An example of the success of CeDEL is that we currently have over 1,200 entrepreneurs and over half the economically active population has passed through the center.
Of particular note is the aim to formalize an eminently underground economy by opening banks and a fast food restaurant.
These are two examples that form part of our broader policy of commercial integration and economic development. The new restaurant is not just that, it represents 80 jobs for youngsters in the neighborhood and the banks form part of the financial formalization and inclusion efforts.
“The payment for the formalization of properties and for public services, as well as caring for spaces that belong to everyone, are key aspects of this project”
In these marginal areas integrated within the cities, there is a trend to return to old ways. Is there a need for a culture of caring for public assets?
We are working on developing a citizen culture. As I said earlier, our aim is for residents to be able to access the same rights, but they must also comply with the same obligations as any other resident in the city. In this regard, the payment for the formalization of properties and for public services, as well as caring for spaces that belong to everyone, are key aspects of this project.
Could this regeneration run the risk of gentrifying Barrio 31?
Gentrification is a risk in any project of this type and that is why we have implemented measures to mitigate it. Firstly, as part of the property formalization process, we have reformed the Urban Planning Code to adapt it to the reality of Barrio 31. We have therefore created a specific district for the aera, with regulations regarding the use of the air space and specific limits for the accumulation of plots.
“It is no longer legally possible to unify plots of land to construct much larger buildings than those that already exist”
Therefore, it is no longer legally possible to unify plots of land to construct much larger buildings than those that already exist” In addition, almost the entire neighborhood has a sole residential use, i.e. only houses or small stores can be built.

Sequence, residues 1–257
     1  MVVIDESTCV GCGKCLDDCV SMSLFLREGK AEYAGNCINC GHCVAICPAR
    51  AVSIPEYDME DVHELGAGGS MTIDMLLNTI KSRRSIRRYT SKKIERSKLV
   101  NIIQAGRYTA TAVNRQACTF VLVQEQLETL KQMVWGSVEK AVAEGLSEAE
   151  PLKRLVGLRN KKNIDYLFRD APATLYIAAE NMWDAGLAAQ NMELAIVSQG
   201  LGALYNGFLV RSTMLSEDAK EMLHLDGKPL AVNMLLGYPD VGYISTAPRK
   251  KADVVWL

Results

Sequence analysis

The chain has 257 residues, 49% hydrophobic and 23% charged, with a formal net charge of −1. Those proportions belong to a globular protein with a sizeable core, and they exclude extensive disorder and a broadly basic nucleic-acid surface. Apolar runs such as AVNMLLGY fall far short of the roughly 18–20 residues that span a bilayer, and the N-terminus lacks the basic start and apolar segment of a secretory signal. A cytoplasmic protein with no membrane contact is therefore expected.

In a neighborhood with a history of fear of being vacated, have there been many reservations with regard to the project?
It is essential to remember that Barrio 31 has existed since 1932 and that during this long period, there have been many attempts to forcefully eradicate the neighborhood. In this regard, the mistrust among residents and the State was to be expected, particularly when the approach of public policies -eradication- did not manage to resolve any of the problems that were rampant in the area.
“In order to address the mistrust of residents, the solution is to get them involved in the integration process”
In order to address the reservations and feelings of mistrust, the solution is to get the residents involved in the integration process, which is not easy. On the contrary, it generates debates, discussions and disputes, but also spaces in which everyone can express their positions, understand one another and work on finding a common ground.
People come in and out of the neighborhood, but very few that live outside of it tend to access it. How can you bring together these two remarkably close, and yet, vastly different worlds?
That is precisely one of our main challenges, to get residents from other neighborhoods in the city to discover Barrio 31, to walk around it and take advantage of its wide range of commercial and cultural choices on offer. We are making great progress; however, it is in no way something that will be achieved from one day to another.
The arrival of the new Ministry of Education headquarters in the neighborhood is a unique aspect that is aimed in that direction: there are 2,200 workers, plus many more people who carry out procedures and who are beginning to stroll about the neighborhood. Stores are benefiting, there is more mobility and, gradually, these two worlds, which are really all part of Buenos Aires, are coming together.
“We want to preserve and boost the identity of Barrio 31 in the city, not impose a new one”
In this process, Barrio 31 has a great deal to show and offer the city given its diversity, gastronomy and culture. We want to preserve and boost the identity of Barrio 31 in the city, not impose a new one.
The concentration of immigrants and poor workers in settlements is common in Latin America. Is Barrio 31 an exportable model?
We believe the public integration policy has the potential to be replicated in other settlements across the country and the world. In any event, it is really important to emphasize that no two informal neighborhoods are the same, and it is particularly those unique features that needs to be preserved and promoted.
The main aspect to be replicated is the project’s approach and the work method, intervening in an intensive, simultaneous and participatory manner in all the different aspects.
Images | Diego Fernández, Secretaría de Integración Social y Urbana de la Ciudad de Buenos Aires